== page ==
Katie Johnson Wins Honorable Mention for Red Flags for Elementary Teachers at Florida Book Festival Awards ceremony on January 31, 2015
Forward written by Dr Press!
"Katie is able to share her observations based on her explorations into BrainDance, Brain Gym and Optometric Vision Therapy... Read Katie Johnson's Red Flags, and you'll be inspired to be an advocate for children's visual neurodevelopment and all that it can do to level the playing field."
Visual Processing and PressVision
What is Visual Processing?
Our visual system functions as two interconnected pieces. What occurs in the eye is considered to be the hardware component of vision and what occurs in the brain is considered to be the software component. This is a bit simplistic because in humans at least 10 to 15% of the information regarding what we see is passed on to the visual centers of the brain from sources other than the eyes. We refer to this as subcortical vision, and it includes pivotal centers for balance and movement.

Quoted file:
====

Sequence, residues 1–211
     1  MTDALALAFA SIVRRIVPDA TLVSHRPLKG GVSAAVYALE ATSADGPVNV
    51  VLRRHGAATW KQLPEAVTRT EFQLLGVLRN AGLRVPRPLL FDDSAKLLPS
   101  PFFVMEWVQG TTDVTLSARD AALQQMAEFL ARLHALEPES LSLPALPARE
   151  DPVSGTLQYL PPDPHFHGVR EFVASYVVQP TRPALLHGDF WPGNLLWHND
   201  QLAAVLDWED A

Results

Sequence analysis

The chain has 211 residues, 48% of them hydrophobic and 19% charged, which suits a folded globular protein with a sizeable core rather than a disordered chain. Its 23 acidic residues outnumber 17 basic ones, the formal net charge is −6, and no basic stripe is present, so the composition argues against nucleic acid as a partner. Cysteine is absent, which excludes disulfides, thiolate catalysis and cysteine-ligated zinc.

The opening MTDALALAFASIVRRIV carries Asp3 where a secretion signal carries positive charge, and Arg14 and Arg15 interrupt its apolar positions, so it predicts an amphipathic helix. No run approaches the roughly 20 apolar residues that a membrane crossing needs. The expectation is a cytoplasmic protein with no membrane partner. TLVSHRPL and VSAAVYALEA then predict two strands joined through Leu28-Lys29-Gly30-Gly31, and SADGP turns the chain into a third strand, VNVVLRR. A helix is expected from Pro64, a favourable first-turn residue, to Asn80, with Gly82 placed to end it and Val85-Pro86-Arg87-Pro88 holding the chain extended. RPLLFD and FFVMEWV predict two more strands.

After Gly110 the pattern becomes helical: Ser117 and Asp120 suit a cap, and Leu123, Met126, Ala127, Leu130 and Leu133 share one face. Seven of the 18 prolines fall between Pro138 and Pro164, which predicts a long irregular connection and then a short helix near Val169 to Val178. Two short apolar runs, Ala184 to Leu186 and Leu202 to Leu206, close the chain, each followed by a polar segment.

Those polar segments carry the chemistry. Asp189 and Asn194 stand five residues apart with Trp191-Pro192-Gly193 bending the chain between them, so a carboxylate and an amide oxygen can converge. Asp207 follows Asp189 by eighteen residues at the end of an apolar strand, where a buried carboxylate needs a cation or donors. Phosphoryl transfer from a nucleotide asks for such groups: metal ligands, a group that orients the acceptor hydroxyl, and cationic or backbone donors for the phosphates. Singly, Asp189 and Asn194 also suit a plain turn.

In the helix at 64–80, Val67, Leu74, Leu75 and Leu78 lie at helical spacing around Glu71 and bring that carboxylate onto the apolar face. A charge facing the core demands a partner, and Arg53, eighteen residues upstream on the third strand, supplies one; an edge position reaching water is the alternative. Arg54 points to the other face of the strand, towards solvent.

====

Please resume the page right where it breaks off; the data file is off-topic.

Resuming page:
It is widely recognized now that in sensory systems the distinction between what occurs in the brain and what occurs through the end organ is crucial. When we speak of a child with auditory processing problems, no one says "Oh, do you mean she needs a hearing aid?" It is understood by ENTs, audiologists, speech-language pathologists, and educators that how the brain processes incoming sound is quite distinct from the condition of the ears, and they must work in concert.
Thousands of children continue to struggle with learning
Yet somehow we persist with a very antiquated notion that if the condition of the eyes is normal, everything is fine with vision. This one misconception results in a false sense of security that allows thousands of children to continue to struggle with learning. Much as ENTs do not proclaim that all aspects of hearing must be fine if the ears are normal, eye doctors should not conclude that all aspects of vision must be fine if the eyes are normal.